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Walking Around Tainan

from http://www.sinica.edu.tw/tit/culture/1294_tainantemple.html

Walking Around Tainan

By Howard Elias, Photos by Sung Chih-hsiung
On the street, the thought of a walking tour in Taiwan may not seem like the best, or safest, of ideas. But it seems to work in Tainan, Taiwan's fourth largest city located in the southwestern part of the island, where things move just a little bit slower than they do in Taipei or Kaohsiung.
The Tainan walking tour is the brainchild of Lily Pi, a Tainan businesswoman whose family runs the Asia Hotel in the city's former night market area. Pi, who graduated from the city's National Cheng Kung University and has been a caterer from the time, as she puts it, her mother was expecting her, wanted to find a way to combine her two loves of history and food. She came up with the walking tour idea because she felt that much of Taiwan's old culture, beliefs, and customs were disappearing in the island's rapid industrialization and modernization.
Pi started the tours three years ago as an annual event. Chinese Valentine's Day was chosen as the date of the tours because on that day people from all over Taiwan flock to Tainan's Kailung Seven Daughters of the Emperor of Heaven) Temple to commemorate the marriage of the emperor's daughter to a commoner. As the story goes, this marriage was not met with approval and the couple's two children ended up being raised by seven daughters of the emperor. Consequently, Kailung Temple became known as the temple for the protection of children.



Kailung Temple is the first temple in Taiwan for celebrating a child's coming of age.

Kailung Temple
Kailung Temple is also the first temple in Taiwan for celebrating a child's coming of age. On most weekends parents come here to watch their 16-year-olds crawl under a special table to signify to their family and to society that they are now adults. After crawling under the table three times, young women, in particular, then pray for a good marriage.
Pi recently decided to expand her tour to a weekly frequency because of the interest in Tainan's temples shown by Japanese tourists who regularly visit the city. She has organized an interesting and enlightening two-and-a-half-hour walk that takes participants through seven temples to illustrate, as she says, the Chinese circle of life. Along the way, Pi carefully points out the smallest of detail, from a tiny lion perched on a city rooftop to the stones in front of a long-abandoned Japanese restaurant. Perhaps no one knows Tainan better than Lily Pi. One certainly gets that feeling walking down the back alleys that lead to a beautiful but derelict library.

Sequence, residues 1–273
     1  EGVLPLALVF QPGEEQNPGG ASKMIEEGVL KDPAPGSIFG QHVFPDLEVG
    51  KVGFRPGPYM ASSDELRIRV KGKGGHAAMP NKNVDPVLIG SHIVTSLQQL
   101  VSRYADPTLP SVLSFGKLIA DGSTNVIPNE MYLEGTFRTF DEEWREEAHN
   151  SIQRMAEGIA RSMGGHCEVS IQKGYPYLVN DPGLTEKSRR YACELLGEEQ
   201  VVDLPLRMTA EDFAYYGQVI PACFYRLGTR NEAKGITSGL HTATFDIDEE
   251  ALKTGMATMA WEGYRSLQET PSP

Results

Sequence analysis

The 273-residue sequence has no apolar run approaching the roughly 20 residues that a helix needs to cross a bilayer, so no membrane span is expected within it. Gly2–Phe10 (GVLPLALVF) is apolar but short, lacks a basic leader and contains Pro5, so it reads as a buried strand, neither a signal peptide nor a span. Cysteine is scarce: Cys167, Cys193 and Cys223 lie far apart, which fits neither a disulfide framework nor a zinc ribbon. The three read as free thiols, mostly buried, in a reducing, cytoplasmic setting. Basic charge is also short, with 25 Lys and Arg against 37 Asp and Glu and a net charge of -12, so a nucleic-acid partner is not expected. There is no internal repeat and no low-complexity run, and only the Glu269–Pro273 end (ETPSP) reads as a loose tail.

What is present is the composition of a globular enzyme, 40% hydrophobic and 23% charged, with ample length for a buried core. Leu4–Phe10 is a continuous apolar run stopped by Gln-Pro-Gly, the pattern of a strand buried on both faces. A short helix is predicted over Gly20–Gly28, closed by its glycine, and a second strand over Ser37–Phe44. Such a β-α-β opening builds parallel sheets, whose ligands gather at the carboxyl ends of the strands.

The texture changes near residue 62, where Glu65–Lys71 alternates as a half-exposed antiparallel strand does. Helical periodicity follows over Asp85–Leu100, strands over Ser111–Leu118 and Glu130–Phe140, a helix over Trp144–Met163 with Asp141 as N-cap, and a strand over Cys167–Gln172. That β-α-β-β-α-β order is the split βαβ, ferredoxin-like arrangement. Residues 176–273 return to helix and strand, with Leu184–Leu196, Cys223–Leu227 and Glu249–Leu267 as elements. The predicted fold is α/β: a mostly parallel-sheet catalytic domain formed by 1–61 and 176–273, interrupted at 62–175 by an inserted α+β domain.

While Tainan's many temples provide the focal point of this cultural excursion, Pi also takes time to show her guests a beautiful Chinese garden and let them enjoy some of Taiwan's specialty foods. She feels that eating is an important part of this cultural experience, and she takes every opportunity for guests to try delicacies like lotus tea, taro cake, and Taiwanese dumplings.



Matsu Temple is dedicated to the Goddess of the sea.

Matsu Temple
The tour takes visitors to some of Tainan's more famous temples, including the Matsu Temple , which is dedicated to the Goddess of the Sea. Almost 400 years old, this temple is also home to "the Old Man Under the Moon," a Taoist god who functions somewhat like Cupid. Single people who are looking for a spouse come here to pray to this god. After praying, the supplicant removes a single red thread from around the god's arm, wraps the thread up in a small piece of red paper, and carries it in his or her pocket every day. In a short time, Pi says, these people will get married. Some people also pick up some incense ash here which is said to have the power to make women more charming when worn behind the ears. Men can get the same effect by wearing it on their throat.
Once feeling empowered by this new sense of destiny, many people then head down a small lane known as "Fortune Tellers Street." Couples visit the street's fortune tellers to find out if they are suitable for each other and when the best date to get married is.